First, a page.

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ERIC Number: EJ863694
Record Type: Journal
Publication Date: 2009
Pages: 12
Abstractor: ERIC
Reference Count: 17
ISSN: ISSN-1535-0584
An Examination of Latent Threads and Themes in "The Catalyst" (1969-1971)
Blasingame, Christina; Brown, Dee; Duemer, Lee S.; Green, Birgit; Richardson, Belinda
American Educational History Journal, v36 n2 p299-310 2009
America has an over 200 year tradition of underground publications spanning a wide range of social and political expression. One notable period in this tradition was the era of the 1960s and early 1970s, and students' efforts to express themselves and challenge the status quo. Student attention was drawn to issues such as the Vietnam War, women's rights, and civil rights, while university administrators sought to maintain orderly campuses through increasingly restrictive regulations. Generally recognized as a time of changing social values, young people in the 1960s were disillusioned with the power structure and attacked the political, social, and economic institutions out of a motivation to become actively engaged in a growing counterculture that challenged perceived injustice and hypocrisy. Groups sometimes try to take their case to the public through the channels of mass communication when they become dissatisfied with the existing state of social and political events; however, many student groups found it difficult to express their views through sanctioned university publications and therefore chose the underground press in order to find their own voice. Underground newspapers became a popular medium among many counterculture groups. Students chose underground publications because of dissatisfaction with school-sponsored newspapers that were sometimes closely controlled by university authorities, or lack of critical social commentary in existing publications. This study examines the content of "The Catalyst" over the two year span of its existence from 1969-1971. Specifically, this study identifies what topics were of central importance in "The Catalyst," as well as the underlying meaning that was communicated through those topics. Perspectives on underground newspapers during the unrest era have examined them from a highly generalized perspective. (Contains 24 notes.)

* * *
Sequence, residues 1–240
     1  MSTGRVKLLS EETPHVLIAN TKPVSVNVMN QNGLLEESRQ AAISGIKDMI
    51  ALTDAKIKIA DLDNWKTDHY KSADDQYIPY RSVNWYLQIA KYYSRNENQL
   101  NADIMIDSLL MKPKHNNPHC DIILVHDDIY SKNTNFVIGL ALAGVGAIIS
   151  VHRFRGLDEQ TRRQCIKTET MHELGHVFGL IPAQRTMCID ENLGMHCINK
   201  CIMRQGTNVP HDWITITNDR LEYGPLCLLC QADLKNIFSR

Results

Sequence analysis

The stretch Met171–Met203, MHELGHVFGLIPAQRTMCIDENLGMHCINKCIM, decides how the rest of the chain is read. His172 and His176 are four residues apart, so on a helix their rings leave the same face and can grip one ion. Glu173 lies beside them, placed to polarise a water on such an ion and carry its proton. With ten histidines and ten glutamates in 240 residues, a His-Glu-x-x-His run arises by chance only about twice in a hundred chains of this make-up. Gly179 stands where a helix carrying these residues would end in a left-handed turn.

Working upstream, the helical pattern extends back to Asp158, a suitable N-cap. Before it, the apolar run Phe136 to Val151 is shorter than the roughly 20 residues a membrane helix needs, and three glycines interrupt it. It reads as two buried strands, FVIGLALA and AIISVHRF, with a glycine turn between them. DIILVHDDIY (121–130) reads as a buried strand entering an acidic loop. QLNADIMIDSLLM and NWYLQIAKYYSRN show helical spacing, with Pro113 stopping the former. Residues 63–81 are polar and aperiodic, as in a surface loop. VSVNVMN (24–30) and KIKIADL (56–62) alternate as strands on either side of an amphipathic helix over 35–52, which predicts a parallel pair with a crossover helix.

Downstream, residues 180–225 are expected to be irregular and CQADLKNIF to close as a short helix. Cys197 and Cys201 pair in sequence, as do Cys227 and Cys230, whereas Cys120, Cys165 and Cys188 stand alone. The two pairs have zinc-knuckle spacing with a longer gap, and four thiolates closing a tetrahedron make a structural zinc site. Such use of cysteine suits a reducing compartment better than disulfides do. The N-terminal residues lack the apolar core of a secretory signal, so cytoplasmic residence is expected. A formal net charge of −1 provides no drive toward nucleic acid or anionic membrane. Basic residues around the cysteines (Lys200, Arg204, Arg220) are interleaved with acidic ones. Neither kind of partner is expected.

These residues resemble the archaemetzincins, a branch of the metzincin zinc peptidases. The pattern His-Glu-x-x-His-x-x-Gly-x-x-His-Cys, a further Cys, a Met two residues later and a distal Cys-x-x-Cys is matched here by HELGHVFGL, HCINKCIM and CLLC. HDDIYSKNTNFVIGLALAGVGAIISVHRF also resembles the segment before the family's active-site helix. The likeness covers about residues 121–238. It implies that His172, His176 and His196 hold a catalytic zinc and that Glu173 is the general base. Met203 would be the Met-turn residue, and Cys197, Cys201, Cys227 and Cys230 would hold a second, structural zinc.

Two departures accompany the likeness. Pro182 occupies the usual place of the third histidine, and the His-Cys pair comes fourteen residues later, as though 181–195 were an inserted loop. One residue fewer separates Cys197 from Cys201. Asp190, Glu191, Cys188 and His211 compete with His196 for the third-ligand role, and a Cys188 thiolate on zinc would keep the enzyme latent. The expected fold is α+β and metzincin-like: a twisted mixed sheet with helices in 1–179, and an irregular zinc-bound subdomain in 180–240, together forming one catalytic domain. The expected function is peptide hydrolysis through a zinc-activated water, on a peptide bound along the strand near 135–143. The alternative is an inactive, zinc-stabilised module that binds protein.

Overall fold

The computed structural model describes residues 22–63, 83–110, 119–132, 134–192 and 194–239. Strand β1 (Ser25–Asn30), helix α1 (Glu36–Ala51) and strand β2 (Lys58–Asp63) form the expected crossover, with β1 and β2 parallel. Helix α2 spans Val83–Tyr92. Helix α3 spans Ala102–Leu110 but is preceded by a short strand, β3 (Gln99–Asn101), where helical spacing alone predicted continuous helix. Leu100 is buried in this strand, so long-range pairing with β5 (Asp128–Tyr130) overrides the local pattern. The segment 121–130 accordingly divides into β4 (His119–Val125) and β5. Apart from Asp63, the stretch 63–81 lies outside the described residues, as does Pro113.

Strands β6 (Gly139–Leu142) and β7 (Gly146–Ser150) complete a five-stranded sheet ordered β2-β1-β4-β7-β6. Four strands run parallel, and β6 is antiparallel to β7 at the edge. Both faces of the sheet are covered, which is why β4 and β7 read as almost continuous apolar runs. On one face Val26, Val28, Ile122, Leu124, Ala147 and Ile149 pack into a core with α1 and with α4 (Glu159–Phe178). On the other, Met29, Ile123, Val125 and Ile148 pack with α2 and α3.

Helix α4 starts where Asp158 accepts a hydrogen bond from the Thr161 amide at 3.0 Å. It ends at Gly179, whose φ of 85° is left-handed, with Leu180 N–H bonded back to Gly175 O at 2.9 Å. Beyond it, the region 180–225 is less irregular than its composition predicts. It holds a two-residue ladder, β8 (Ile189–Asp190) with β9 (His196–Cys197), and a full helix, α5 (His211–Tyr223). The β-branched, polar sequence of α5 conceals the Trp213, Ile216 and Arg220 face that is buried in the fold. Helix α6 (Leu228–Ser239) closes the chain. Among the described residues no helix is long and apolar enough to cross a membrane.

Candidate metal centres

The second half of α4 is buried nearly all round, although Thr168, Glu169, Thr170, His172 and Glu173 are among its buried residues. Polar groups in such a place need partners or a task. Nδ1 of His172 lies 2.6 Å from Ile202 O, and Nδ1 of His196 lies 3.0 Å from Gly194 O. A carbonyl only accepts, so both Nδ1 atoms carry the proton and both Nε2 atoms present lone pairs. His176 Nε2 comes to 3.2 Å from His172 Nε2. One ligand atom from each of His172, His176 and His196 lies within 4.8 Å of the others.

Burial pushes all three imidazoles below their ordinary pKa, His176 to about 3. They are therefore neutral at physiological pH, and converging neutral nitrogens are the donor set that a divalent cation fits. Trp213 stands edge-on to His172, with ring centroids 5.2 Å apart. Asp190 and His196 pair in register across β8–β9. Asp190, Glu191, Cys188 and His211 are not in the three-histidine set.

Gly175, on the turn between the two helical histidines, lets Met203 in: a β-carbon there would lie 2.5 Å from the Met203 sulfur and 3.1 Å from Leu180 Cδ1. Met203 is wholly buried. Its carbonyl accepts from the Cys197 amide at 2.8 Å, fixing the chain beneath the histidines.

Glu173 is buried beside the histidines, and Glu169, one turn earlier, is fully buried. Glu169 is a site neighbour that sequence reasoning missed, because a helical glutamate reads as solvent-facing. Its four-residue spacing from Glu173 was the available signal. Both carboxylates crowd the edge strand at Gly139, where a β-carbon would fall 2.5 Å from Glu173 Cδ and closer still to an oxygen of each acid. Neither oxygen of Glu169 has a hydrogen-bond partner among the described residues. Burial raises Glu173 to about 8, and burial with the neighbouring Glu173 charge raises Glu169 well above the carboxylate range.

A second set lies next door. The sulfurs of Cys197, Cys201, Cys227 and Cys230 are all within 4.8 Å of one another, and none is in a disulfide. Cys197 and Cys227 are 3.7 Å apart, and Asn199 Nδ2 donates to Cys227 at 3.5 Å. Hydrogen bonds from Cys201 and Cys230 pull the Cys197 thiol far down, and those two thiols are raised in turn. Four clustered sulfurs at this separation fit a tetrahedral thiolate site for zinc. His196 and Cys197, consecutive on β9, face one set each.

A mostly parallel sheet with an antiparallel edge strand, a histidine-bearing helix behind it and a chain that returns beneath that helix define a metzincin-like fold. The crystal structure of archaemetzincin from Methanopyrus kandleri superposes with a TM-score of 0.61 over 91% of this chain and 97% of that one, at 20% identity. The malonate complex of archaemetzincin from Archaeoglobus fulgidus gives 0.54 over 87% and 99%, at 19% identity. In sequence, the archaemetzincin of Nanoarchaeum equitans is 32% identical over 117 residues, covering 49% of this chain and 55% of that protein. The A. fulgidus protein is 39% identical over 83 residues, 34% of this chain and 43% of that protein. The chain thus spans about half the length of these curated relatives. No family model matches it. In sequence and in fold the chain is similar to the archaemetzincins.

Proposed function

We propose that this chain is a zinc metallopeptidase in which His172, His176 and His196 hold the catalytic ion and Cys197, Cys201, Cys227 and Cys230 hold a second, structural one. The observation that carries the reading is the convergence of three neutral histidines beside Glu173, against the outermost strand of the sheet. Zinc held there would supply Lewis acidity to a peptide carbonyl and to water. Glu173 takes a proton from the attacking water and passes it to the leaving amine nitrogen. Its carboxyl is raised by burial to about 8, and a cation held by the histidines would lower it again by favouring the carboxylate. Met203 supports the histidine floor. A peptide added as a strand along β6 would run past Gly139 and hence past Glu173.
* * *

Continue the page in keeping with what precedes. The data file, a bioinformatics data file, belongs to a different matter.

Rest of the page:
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Publication Type: Journal Articles; Reports - Evaluative
Education Level: Higher Education
Audience: N/A
Language: English
Sponsor: N/A
Authoring Institution: N/A
Identifiers - Location: Vietnam